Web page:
MACDOWELL. Suite No. 2, Op. 48, "Indian Suite". Piano Concerto No. 2 in D minor, Op. 29*. Westphalian Symphony Orchestra conducted by Siegfried Landau, with Eugene List (piano) on Concerto). Turnabout TV34535S (f1.29).
MacDowell’s Second Piano Concerto has clung tenuously to a place in the catalogue. The new version is played with plenty of dash by Eugene List who has himself already made a coupling of Nos. 1 and 2, though this new recording is not kind to the extremes of the piano register, nor to MacDowell’s skilled orchestration. List rattles off the scherzo exuberantly, though it is a movement of potentially more delicacy: comparisons with Mendelssohn would be invidious, but MacDowell is not the inferior of Litolff both in other aspects of the concerto and particularly in this deft little scherzo, a piece from the same stable as Litolff’s most famous movement. Elsewhere, there is a somewhat strenuous note in music that for all its Brahmsian apparatus is usually in spirit closer to Grieg.
The Indian Suite has also been popular, and has turned up before on records. The tunes are genuine, taken from a collection made by Theodore Baker, a pioneer of American musicology who gained a Leipzig D. Phil. for the first serious study of the music of the American Indians (he was later also the author of the exceedingly useful Biographical Dictionary of Musicians which has gone through five editions and remains in print). However, MacDowell felt obliged to make amendments to the tunes, in the words of his pupil Henry Gilbert (quoted in the sleeve-note) "in the direction of musical beauty, [but) enough of the original tune has been retained to leave no doubt as to its barbaric flavour." And there is the nub of it. These were still days when native melodies were prized for their glimpse of an exotic world — be it Indian, African, Central Asian, Japanese or whatever — but regarded as incompatible with Western music until tidied into shapes that could suit European harmony and compositional techniques. As Tchaikovsky was obliged to point out to Tolstoy, who sent him a set of corruptly arranged Russian tunes, the essence is thereby lost. In the present rapid growth of ethnomusicology, music’s accompanying discipline to the turn back towards a respect for primitive cultures, we set a better value upon genuine folk tunes, and thus MacDowell’s smooth settings can seem insipid; but it would be a mistake to dismiss them. They did help to arouse a real interest in indigenous American music; they did, through MacDowell’s excellent technique, encourage a greater respect for national composers at a time when America had few to offer; and by no means all of the settings are worthless. There is, especially in the fine Dirge, a poetic understanding of what is (whether part MacDowell or not) a fine melody of an original and moving kind. No expert on either MacDowell or American Indian music, I cannot say more; but listening in a purely amateur way, I felt strongly that even the more conventional war dance and festival reflected a proper sympathy with Indian music and culture, even if there is a long way to go before we reach the bitter, guilty understanding of that moving book Bury My Heart at Wounded Knee. In the light of all that is felt now, it is easy to wave MacDowell’s amiable platitudes aside; but it would be a mistake to do so when there is in the music an impressive measure of skill, warmth and understanding. J. W.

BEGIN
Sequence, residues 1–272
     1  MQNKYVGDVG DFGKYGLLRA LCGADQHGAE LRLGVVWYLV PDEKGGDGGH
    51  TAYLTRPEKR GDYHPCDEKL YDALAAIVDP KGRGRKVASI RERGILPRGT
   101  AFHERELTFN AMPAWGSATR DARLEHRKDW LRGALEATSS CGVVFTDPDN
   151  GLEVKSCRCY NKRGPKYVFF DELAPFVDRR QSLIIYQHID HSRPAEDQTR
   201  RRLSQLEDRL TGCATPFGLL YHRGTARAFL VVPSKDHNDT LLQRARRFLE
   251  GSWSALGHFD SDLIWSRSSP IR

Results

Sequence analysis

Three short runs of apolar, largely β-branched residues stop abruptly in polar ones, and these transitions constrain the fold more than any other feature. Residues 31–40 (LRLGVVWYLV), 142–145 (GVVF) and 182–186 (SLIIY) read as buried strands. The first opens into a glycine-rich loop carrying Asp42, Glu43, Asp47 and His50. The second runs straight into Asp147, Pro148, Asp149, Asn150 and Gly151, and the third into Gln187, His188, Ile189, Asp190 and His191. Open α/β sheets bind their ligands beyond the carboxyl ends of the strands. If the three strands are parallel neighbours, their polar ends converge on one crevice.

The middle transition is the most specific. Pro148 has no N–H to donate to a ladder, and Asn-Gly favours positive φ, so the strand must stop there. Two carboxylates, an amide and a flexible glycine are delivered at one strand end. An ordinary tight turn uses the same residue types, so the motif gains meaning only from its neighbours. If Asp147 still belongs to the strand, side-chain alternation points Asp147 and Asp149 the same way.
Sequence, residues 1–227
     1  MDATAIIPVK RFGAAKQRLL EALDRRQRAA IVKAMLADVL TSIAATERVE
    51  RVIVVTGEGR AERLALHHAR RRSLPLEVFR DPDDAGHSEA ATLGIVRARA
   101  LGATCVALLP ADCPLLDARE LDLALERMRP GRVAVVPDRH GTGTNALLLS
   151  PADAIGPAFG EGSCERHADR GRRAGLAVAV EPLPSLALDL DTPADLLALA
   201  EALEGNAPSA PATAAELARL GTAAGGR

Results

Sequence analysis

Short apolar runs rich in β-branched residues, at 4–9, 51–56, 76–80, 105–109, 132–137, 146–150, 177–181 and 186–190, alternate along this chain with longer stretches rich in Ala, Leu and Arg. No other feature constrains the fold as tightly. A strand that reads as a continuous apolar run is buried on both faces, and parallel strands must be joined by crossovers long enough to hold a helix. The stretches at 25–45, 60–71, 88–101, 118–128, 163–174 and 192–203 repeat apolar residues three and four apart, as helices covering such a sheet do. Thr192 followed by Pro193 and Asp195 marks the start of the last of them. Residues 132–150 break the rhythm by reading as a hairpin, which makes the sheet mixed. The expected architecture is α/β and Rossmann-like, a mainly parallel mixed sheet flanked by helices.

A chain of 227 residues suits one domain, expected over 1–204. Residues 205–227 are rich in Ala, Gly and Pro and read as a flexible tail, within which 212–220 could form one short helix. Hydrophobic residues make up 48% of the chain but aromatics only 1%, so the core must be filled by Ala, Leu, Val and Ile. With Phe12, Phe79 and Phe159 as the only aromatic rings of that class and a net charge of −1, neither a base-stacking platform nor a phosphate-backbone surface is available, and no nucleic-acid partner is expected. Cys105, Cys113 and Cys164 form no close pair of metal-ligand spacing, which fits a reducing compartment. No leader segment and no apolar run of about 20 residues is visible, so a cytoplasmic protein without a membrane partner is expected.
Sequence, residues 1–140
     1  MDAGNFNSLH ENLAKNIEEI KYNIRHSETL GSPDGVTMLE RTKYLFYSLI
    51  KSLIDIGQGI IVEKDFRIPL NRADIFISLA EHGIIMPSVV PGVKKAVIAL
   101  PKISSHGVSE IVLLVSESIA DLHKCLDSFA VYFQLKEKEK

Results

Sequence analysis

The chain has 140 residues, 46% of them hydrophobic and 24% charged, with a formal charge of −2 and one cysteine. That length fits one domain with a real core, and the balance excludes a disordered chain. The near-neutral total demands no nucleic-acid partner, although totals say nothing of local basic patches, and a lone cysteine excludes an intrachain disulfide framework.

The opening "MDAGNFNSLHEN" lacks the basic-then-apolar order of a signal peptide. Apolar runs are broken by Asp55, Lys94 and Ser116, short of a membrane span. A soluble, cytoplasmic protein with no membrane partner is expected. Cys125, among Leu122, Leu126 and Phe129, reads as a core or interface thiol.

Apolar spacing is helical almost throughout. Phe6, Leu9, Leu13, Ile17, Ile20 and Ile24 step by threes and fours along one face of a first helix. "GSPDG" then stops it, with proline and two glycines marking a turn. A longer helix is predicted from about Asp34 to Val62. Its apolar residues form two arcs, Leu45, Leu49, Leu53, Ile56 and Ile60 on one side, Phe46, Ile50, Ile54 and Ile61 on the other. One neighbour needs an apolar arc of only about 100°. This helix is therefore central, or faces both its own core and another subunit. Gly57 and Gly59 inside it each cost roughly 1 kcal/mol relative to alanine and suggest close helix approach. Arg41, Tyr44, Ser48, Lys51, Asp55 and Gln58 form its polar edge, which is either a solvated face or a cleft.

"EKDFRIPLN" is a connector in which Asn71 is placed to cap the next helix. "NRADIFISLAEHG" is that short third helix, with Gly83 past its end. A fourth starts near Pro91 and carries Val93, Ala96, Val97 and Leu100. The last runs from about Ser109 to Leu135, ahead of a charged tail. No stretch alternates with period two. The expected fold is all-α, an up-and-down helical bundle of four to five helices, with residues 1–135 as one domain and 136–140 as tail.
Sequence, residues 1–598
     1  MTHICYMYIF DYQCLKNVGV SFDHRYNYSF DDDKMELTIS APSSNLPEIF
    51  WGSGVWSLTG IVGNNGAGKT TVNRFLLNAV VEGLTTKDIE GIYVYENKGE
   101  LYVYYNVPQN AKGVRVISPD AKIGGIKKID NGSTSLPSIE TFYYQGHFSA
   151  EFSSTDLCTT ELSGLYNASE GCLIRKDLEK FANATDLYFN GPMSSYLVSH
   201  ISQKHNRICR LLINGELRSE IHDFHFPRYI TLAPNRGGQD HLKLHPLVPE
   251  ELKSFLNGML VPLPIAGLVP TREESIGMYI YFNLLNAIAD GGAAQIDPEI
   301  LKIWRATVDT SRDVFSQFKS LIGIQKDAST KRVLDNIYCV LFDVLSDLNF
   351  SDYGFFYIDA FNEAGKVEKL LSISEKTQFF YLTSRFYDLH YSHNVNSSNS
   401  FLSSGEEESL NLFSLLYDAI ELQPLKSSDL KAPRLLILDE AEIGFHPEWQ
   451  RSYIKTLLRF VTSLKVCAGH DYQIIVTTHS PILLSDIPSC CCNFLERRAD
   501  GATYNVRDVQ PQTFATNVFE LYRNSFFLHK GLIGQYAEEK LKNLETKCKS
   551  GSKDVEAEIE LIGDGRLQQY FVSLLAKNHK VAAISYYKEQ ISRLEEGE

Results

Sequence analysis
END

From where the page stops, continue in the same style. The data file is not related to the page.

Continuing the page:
Here are the tracks on the record:
And here is the link: http://www.megaupload.com/?d=TR6W4D9K
(apologies for some surface noise from the LP)
Now, I like the Suite more than the Concerto. I think it's kind of patronizing to the work that MacDowell did, to decry its lack of "purity" in regards to the Indian themes presented here.
Works like this suite by MacDowell, or Dvorak's Slavonic Dances, don't cheapen or trivialize the originals by changing them to attract a new audience. A re-presentation honors the originals and brings new appreciation to the sources.
It's a fact that this music, while claiming inspiration from American Indian melodies, still sounds like Western Classical music. Does that make it less pure or worthwhile, AS MUSIC? No offense to the dozens of people now cranking out "Indian" music nowadays, but I would argue that MacDowell's work is just as valid as the stuff cranked out nowadays by folks with synthesizers and sampled drums (and sampled "Indian" chants!) who cater to New Age types.
Indian Suite (Suite No. 2), Op. 48
01 - Legend
02 - Love Song
03 - In War-Time
04 - Dirge
05 - Village Festival
Piano Concerto No. 2 In D Minor, Op. 23
06 - 1 - Larghetto Calmato
07 - 2 - Presto Giocoso
08 - 3 - Largo - Molto Allegro